One of the elements of midichlorians is that it canonized the idea that one's capacity for using the Force comes from heredity and/or environment. Personally, I didn't see any issue with this, as the importance of Luke Skywalker to me always was partially due to his particularly high capability to use the Force. I'd always taken Obi-Wan and Yoda's "The Force is strong with this one," and "The Force is strong with your father, you, and your sister," to indicate that Luke and Leia had this skill due to heredity.

When discussing the issues that the prequels bring up, a common discussion point is on the heredity of Force adeptness. In the original trilogy, was skill in the Force something anyone could gain, or was it meant to be hereditary?

2 Answers 2


In the original trilogy, was skill in the Force something anyone could gain, or was it meant to be hereditary?

  1. It was not a skill anyone can gain. A lot of EU novels (pre-prequel) were about Luke searching far and wide for Force-sensitive students, meaning that they aren't so easy to find.

  2. It was implied to be heritable (which is different from hereditary) - meaning, there's a genetic impact on Force abilities (in other words, having a Force sensitive parent increases one's chances to be a Force sensitive, but doesn't 100% correlate).

    This is shown both by existence of Force-sensitive populations (Witches of Dathomir, for example), the OT's Skywalker family (as noted in the question), and having Jedi offspring frequently be Force-sensitive (e.g. in "Children of the Jedi", Corran Horn had a notable Jedi for grandfather, same for Fiona Ti, etc etc etc)

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    The heritable nature of Force sensitivity is also the reason Jedi did not typically marry ("so as not to create dynasties of those strong in the Force", from the Wookiepedia article on the Jedi Code). Jan 14, 2012 at 16:15
  • @IanPugsley - I am not sure if that statement, logical though it is, can be attributable to canon vs. reasoning by Wookiepoedia author Jan 14, 2012 at 16:18
  • It's attributed to Vergere, so unless it's a mis-attribution I assume it comes from an EU novel. Jan 14, 2012 at 16:29
  • @IanPugsley - DUH. Should have RTFM. I don't recall that statement but I paid fairly poor attention to Vong series and didn't yet bother with any post-Vong stuff. Jan 14, 2012 at 16:34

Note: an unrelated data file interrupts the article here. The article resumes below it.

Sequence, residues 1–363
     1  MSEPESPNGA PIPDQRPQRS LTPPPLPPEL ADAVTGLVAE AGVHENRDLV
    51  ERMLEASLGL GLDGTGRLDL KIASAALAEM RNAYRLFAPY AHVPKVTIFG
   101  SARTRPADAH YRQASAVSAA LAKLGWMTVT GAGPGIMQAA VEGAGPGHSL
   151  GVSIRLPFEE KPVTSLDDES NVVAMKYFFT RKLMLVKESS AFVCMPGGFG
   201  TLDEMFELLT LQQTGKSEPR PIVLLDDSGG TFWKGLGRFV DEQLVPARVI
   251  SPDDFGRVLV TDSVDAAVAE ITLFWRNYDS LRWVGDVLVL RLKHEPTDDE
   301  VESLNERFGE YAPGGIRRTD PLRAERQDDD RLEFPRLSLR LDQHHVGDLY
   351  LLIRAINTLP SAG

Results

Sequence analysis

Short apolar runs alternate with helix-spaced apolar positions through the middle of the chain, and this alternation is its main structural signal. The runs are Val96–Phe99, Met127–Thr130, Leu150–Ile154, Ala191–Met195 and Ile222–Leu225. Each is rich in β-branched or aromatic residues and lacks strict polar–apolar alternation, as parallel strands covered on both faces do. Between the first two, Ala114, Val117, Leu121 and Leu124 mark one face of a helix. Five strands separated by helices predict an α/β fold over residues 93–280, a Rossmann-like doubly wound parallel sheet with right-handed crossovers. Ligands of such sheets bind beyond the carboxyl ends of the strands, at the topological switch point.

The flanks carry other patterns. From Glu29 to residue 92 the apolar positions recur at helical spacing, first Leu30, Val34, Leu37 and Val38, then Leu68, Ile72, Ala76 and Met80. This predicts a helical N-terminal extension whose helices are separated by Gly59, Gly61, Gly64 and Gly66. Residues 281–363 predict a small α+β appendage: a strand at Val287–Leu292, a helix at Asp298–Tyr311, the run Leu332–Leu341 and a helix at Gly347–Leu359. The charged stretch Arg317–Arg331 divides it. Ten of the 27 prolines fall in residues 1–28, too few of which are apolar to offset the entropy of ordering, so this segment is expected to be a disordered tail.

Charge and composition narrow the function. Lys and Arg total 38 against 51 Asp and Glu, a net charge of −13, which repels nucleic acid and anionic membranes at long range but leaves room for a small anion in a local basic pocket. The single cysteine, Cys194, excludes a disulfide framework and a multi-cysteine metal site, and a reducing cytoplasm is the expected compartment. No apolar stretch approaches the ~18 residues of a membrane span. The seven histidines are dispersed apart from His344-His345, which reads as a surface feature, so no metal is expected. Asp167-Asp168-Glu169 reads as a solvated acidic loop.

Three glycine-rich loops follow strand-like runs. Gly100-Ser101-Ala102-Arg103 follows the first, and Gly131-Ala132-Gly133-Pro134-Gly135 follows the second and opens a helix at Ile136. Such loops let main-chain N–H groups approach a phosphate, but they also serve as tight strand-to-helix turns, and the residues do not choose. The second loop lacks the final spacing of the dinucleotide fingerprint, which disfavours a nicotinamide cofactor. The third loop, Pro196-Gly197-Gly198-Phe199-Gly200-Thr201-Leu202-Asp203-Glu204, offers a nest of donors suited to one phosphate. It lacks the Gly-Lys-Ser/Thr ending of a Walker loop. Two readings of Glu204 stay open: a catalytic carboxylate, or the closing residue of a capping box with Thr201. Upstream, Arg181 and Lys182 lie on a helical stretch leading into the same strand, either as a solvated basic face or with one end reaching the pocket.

There was no "before midi-chlorians."

In the Wookieepedia, in the article on midi-chlorians, under origins it states:

Midi-chlorians were first conceived by George Lucas as early as 1977. In this time the first Expanded Universe products were being created, including the ongoing Marvel Star Wars series and Alan Dean Foster's novel Splinter of the Mind's Eye. Lucas sat down with a member of his staff, Carol Titelman, to dictate a number of guidelines for these works, explaining various concepts of his universe. Amongst them were an explanation of midi-chlorians, which Force-sensitive beings were said to have more of in their cells.[31] However, Lucas did not feel he had the time to introduce the concept of midi-chlorians.

So, in spite of what some of us (myself included) would like to believe, and what we felt sure was true up until The Phantom Menace, unfortunately, midi-chlorians were in Lucas' mind from the start.

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    According to J.W. Rinzler, Lucas did not actually describe the midichlorians in 1977: "Please note: While we were preparing the text for The Making of Star Wars, Lucas added a note to this passage about midi-chlorians, bringing his original words in line with his later thoughts and the events of the prequel trilogy. It’s interesting to see, however, that in 1977 Lucas was already talking about creatures with a more natural capacity to interact with the Force; perhaps he was already thinking of a creature such as Yoda." starwars.com/news/so-what-the-heck-are-midi-chlorians Aug 21, 2015 at 2:27

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